But, by the same token, he is now able to rotate that pelvis because of the anterior pelvic tilt. With the ‘goat humping’ move, the pelvis cannot rotate as much and will now slide.

I also believe that Lee had been working hard on trying to externally rotate the right shoulder in order to drive the elbow forward, much like Keegan Bradley does and Ben Hogan used to do.

But with the ‘goat hump’ move, that helped stall the pelvis rotation and therefore the right shoulder would go from external to internal rotation. Now with the anterior pelvic tilt which he used to ‘make room for his arms to swing under his torso’ he can now rotate the pelvis instead of sliding it and he can now sustain that right shoulder external rotation and drive the right elbow more forward into impact. I also believe that the right shoulder external rotation aids in the lateral side bend which is why we see much more lateral side bend in the after photo of Lee’s swing.

The issue with getting somebody like Christo (or anybody else) to translate this is that their brain may not make sense of ‘make room for your arms to swing under his torso’ that Lee used. And he could very well end up trying to make the arms swing under the torso and not get the anterior pelvic tilt in order to do so. Nor may another golfer have the right shoulder external rotation to go along with it. So, in the end another golfer may just be chasing those feels/visuals and because they don’t quite understand all of the mechanics they never quite get to where they want to be.

I tend to believe this is more where modern day golf instruction is moving to…understanding the science of motor skill and skill acquisition learning and applying that to golf. Unfortunately, the golf magazines and TV shows will still give away ‘swing tips’ which usually consist of feels and visuals which only enable golfers to continue to chase feels/visuals even more without any permanent improvement and still having to go to the range all of the time.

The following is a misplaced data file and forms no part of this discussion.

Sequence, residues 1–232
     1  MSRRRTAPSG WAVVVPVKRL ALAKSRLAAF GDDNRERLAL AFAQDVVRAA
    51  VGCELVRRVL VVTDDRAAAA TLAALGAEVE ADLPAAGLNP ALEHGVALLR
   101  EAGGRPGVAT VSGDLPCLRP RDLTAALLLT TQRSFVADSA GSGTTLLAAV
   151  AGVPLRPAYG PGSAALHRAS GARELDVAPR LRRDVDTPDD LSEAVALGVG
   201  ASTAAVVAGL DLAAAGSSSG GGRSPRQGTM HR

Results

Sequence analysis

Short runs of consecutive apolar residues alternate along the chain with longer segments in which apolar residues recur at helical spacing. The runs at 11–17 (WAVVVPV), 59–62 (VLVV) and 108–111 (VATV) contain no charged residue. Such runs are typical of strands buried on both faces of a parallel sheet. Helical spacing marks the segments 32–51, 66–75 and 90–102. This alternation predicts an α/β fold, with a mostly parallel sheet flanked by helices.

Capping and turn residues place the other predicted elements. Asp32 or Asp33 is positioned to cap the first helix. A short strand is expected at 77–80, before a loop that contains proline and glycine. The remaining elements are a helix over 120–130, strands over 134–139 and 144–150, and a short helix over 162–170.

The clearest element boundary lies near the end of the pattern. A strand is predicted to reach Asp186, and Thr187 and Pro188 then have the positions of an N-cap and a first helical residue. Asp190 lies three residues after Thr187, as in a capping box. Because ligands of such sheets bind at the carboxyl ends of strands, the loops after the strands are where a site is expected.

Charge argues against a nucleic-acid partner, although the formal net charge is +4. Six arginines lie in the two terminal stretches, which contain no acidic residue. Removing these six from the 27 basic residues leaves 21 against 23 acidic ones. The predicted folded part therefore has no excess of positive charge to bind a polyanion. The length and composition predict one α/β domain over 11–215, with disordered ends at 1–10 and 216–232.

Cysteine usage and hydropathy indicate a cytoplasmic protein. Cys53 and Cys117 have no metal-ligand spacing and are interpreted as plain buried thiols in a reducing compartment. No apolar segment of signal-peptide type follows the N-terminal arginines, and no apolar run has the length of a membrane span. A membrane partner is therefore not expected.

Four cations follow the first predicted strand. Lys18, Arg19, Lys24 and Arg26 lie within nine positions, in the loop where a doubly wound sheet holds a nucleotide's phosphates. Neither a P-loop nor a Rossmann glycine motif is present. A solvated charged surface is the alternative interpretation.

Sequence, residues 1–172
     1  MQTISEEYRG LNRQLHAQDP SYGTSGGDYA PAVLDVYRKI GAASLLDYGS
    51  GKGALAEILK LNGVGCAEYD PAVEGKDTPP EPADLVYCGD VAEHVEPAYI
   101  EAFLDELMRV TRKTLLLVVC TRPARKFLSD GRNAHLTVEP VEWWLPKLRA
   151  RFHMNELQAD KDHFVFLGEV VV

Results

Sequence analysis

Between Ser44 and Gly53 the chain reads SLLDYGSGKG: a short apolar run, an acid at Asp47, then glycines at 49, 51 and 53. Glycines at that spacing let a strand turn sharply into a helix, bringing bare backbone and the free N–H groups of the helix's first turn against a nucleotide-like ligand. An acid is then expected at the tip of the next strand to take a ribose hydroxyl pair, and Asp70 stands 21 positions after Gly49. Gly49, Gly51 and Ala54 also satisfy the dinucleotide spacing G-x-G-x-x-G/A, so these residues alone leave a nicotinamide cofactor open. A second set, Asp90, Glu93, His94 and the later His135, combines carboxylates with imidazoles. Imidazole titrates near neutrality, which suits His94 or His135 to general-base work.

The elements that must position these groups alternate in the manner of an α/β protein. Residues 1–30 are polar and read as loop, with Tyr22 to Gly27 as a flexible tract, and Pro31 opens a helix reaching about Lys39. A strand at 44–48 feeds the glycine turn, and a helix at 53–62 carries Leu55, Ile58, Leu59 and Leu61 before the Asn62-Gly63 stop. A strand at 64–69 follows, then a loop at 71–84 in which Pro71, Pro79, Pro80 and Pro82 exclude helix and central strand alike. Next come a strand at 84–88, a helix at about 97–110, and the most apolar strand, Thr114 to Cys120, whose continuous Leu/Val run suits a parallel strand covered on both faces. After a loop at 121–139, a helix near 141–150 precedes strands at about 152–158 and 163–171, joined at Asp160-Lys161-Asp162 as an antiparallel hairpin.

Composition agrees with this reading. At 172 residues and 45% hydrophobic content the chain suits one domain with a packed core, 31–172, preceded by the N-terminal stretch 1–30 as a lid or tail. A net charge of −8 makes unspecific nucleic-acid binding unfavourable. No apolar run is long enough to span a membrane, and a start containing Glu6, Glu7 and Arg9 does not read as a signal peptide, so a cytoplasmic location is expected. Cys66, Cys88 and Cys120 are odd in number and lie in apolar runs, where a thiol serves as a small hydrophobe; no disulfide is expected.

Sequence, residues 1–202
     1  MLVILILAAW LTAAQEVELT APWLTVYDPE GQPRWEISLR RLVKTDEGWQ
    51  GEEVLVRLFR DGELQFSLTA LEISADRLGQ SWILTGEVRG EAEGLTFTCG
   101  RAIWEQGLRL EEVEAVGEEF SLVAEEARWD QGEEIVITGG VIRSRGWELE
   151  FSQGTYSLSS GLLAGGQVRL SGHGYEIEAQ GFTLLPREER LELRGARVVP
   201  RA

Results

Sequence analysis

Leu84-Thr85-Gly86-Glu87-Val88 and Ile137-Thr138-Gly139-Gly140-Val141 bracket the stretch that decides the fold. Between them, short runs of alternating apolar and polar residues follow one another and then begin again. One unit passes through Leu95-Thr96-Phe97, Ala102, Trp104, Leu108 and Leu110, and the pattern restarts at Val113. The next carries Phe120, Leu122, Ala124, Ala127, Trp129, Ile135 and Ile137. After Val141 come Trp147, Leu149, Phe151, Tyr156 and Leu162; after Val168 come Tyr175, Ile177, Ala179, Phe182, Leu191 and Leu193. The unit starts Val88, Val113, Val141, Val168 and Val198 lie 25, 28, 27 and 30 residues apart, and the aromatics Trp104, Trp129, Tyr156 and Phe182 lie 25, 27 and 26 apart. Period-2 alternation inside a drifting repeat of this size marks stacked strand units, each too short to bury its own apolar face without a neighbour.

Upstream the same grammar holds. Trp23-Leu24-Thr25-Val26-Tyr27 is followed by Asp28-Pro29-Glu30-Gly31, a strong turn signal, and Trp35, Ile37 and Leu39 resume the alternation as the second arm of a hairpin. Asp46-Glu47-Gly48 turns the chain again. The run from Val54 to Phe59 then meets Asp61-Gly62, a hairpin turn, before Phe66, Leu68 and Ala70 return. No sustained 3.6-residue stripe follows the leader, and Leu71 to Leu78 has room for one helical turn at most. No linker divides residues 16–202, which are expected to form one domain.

Friday, March 20, 2015

New GolfWRX Column: A Simple Scoring System to Record Your Stats

I frequently get asked the question ‘what statistics can I use to measure my entire game?’ The issue is that while there are many advanced methods of statistics to use, they are often very cumbersome and golfers tend to forget to record their score, take too long to record the metrics or end up inaccurately recording their metrics, leading to a skewed analysis of their game.

I’ve done countless hours of research on the game, and usually have a pretty good idea on how I performed in each area after a round, but I still use certain metrics to assist with that analysis so I can schedule my practice accordingly.

One of the main scores I like to keep is a metric I created in the 2013 Pro Golf Synopsis called the 15/5 Score. The scoring system goes like this:

• Give yourself +1 point if your par save is within 5-feet of the hole.
• Give yourself +2 points if you have a birdie opportunity inside 15-feet of the hole.
• Give yourself +3 points if you have an eagle opportunity inside 15-feet of the hole.
•Take away -3 points if your par save is not within 5-feet of the hole.

For bogey shooters, you can alter this score by giving yourself +1 point if your bogey putt is within 5-feet of the hole and use that as the baseline. I also only give one set of points for each hole. If I have a 12-foot birdie putt and hit the putt 6-feet past the cup, I only give myself +2 points for the birdie putt inside 15-feet. This is important to note because we can better decipher our putting skill using this methodology. I will go into that later in this article.

Another thing I like to keep track of is what I call ‘Impedes.’ These are any of the following: